Learning Representations for Controllable Image Restoration - PhDData

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Learning Representations for Controllable Image Restoration

The thesis was published by Meishvili, Givi, in September 2022, University of Bern.


Deep Convolutional Neural Networks have sparked a renaissance in all the sub-fields of computer vision. Tremendous progress has been made in the area of image restoration. The research community has pushed the boundaries of image deblurring, super-resolution, and denoising. However, given a distorted image, most existing methods typically produce a single restored output. The tasks mentioned above are inherently ill-posed, leading to an infinite number of plausible solutions. This thesis focuses on designing image restoration techniques capable of producing multiple restored results and granting users more control over the restoration process. Towards this goal, we demonstrate how one could leverage the power of unsupervised representation learning.

Image restoration is vital when applied to distorted images of human faces due to their social significance. Generative Adversarial Networks enable an unprecedented level of generated facial details combined with smooth latent space. We leverage the power of GANs towards the goal of learning controllable neural face representations. We demonstrate how to learn an inverse mapping from image space to these latent representations, tuning these representations towards a specific task, and finally manipulating latent codes in these spaces. For example, we show how GANs and their inverse mappings enable the restoration and editing of faces in the context of extreme face super-resolution and the generation of novel view sharp videos from a single motion-blurred image of a face.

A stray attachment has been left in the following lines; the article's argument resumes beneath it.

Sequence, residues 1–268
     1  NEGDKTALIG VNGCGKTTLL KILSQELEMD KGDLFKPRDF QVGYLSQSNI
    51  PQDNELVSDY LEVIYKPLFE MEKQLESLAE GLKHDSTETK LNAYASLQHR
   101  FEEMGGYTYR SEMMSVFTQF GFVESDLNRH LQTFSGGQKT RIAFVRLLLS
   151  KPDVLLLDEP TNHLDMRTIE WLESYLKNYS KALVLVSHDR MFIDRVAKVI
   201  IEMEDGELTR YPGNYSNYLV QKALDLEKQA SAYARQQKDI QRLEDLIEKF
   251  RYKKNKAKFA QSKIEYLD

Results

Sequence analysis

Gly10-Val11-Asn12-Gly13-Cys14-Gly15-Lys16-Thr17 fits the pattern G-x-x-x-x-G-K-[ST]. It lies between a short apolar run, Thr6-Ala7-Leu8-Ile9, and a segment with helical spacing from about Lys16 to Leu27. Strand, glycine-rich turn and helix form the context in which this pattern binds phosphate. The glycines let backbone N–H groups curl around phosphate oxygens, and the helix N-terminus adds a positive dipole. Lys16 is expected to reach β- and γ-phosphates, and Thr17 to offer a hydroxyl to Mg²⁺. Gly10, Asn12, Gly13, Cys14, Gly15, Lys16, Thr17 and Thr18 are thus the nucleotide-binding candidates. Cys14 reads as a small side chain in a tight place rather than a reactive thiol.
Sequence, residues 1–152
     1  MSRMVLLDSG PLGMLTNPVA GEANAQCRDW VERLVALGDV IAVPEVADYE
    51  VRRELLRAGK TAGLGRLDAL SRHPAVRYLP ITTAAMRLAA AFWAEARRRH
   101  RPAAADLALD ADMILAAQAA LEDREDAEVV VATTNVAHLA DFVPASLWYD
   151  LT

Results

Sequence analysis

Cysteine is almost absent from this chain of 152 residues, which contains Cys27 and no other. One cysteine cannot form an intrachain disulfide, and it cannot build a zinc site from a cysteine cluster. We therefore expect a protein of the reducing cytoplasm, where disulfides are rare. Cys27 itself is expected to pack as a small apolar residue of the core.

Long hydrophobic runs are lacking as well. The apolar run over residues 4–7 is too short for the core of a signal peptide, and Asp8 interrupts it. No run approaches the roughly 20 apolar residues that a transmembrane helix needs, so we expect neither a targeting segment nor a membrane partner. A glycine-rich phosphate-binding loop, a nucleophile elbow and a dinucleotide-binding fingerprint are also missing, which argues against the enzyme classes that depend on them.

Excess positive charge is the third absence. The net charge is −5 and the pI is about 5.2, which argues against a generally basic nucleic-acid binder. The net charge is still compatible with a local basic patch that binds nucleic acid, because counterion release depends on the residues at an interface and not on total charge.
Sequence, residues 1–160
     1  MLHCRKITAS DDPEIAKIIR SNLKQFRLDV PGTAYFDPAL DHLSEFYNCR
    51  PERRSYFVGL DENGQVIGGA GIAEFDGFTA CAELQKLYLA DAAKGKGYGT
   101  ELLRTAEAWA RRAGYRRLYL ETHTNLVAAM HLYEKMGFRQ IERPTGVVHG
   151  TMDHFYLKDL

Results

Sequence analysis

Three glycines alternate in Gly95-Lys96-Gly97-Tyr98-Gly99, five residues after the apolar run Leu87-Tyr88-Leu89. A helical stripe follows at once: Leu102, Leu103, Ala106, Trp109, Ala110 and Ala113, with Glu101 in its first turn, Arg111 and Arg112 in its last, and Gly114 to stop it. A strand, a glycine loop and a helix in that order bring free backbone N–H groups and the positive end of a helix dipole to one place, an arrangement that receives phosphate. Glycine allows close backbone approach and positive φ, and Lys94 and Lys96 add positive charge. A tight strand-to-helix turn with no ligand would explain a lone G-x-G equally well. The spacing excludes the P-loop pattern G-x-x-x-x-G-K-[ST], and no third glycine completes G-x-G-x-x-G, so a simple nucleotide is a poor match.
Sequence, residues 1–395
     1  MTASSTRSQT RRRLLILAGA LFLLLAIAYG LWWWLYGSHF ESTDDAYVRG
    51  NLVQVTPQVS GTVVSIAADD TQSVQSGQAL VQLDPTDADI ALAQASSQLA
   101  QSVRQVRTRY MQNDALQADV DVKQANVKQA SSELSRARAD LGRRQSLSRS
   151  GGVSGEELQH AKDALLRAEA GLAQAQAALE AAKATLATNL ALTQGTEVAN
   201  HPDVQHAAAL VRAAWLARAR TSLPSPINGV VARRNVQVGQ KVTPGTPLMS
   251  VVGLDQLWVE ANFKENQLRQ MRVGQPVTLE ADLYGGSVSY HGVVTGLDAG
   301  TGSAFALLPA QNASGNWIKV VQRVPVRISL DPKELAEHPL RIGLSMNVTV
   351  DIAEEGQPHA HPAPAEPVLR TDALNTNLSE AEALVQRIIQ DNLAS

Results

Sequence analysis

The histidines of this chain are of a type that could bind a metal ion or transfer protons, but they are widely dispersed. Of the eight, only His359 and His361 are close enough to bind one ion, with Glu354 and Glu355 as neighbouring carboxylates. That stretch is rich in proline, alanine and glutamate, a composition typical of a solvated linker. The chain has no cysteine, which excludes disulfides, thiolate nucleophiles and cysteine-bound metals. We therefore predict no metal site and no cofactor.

This thesis also addresses more general blind super-resolution, denoising, and scratch removal problems, where blur kernels and noise levels are unknown. We resort to contrastive representation learning and first learn the latent space of degradations. We demonstrate that the learned representation allows inference of ground-truth degradation parameters and can guide the restoration process. Moreover, it enables control over the amount of deblurring and denoising in the restoration via manipulation of latent degradation features.

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